June 22, 2024

Interest on the national debt now eats up 18% of our tax revenue

The federal deficit has exceeded the$ 1 trillion mark for the fifth year in a row and only eight months into the fiscal year 2024. The non-partisan Congressional Budget Office acknowledges that the deficit this year will surpass the previous year’s, as well as that it will also surpass the CBO’s personal earlier projection. As usual, the crisis is n’t caused by insufficient tax revenue, which actually rose by 10 % from the same period in fiscal 2023. Instead, Uncle Sam keeps putting too much money into obligatory spending, which in turn causes inflation, which in turn causes cost-of-living alterations, which in turn cause hikes in interest rates on the national debt.

Social Security spending increased by 8 % to account for changes ƫo cost-of-living, reaching a total of nearly$ 1 trillion in the first two-thirds of this yȩar. In turn, net interest payɱents on the national debt skyrocketed by 42 % to$ 622 billion. That’s more than the federal government spent on Medicare oɾ the Defense Department. Interest obligations are now the most costly aspect of government spending, after Social Security, according to statistics. As recently as last year, the CBO did n’t foresee this happening until the next decade.

The state received$ 3. 3 trillion in tax revenue. A quarter of that money will only be used to pay attention on the national debt. And it’s only good that things will get worse.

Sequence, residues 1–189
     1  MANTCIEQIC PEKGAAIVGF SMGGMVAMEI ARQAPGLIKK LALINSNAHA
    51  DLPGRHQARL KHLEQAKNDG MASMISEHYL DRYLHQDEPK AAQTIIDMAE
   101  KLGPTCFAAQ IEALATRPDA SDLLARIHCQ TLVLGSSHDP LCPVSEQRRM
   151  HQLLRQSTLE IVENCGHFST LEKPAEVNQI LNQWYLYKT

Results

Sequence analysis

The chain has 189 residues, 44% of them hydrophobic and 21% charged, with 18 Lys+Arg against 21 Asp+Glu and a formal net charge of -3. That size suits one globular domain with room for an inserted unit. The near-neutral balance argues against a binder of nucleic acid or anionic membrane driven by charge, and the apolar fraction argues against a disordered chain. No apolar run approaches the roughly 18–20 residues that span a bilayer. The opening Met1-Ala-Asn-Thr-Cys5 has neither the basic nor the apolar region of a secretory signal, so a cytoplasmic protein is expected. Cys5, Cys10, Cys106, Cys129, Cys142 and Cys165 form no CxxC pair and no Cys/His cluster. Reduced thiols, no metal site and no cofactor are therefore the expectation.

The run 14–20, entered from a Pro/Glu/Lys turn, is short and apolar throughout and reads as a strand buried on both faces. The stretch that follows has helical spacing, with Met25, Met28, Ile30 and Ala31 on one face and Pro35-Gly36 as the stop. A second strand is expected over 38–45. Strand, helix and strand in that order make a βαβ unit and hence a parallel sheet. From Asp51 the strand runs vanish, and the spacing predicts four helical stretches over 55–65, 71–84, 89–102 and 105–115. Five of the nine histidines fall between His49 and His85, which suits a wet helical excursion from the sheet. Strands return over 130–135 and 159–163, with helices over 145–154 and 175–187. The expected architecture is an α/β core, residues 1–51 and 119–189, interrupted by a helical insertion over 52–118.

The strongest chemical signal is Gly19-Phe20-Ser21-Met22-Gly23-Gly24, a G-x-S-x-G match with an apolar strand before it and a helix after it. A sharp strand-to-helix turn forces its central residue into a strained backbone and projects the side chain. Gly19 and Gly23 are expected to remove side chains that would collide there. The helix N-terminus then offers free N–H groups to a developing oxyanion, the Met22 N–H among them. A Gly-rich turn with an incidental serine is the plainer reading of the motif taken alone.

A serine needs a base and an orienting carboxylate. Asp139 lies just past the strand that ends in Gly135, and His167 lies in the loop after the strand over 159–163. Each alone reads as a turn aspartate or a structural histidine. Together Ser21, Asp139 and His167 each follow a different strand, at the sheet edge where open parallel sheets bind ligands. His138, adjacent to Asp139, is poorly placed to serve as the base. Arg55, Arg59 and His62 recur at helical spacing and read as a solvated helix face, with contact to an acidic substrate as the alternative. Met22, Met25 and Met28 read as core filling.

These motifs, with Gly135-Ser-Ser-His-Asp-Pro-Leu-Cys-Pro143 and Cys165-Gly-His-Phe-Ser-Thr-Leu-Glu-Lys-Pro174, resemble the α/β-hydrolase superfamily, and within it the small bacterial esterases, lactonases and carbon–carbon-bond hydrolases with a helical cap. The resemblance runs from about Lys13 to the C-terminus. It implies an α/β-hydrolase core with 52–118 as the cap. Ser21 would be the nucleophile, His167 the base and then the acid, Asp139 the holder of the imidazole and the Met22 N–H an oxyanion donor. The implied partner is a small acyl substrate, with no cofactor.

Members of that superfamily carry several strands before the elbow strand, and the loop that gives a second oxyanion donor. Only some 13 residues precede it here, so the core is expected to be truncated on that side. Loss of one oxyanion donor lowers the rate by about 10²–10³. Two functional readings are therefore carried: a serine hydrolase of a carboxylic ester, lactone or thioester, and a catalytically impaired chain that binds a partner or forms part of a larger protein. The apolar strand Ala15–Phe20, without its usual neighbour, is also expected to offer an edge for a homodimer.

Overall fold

The Federal Reserve predicted a three-time reduction in the federal funds rate at the start of the time in 2024, but investors anticipated more than twice as many cuts. Treasury futures currently have the majority of the odds of no price reduction before Election Day. Bond yields have remained higher as a result of weak Treasury transactions, which is even more risky given that a report$ 9 trillion, or a third of our excellent debt, is scheduled to adult in this high interest rate environment. Bank of America projects that the national debt’s net interest payments will surpass any other federal spending category, including Social Security, if the Fed does n’t decide to cut the rate even before the year is over.

Oh, and as a fun little reminder, the bipartisan consensus for Social Security of “do nothing” and “protect Social Security with perfect passivity” is equivalent to a 21 % advantage cut across the board in nine years. Do n’t claim the Washington Examiner never warned you, whatever happens next.

Supply website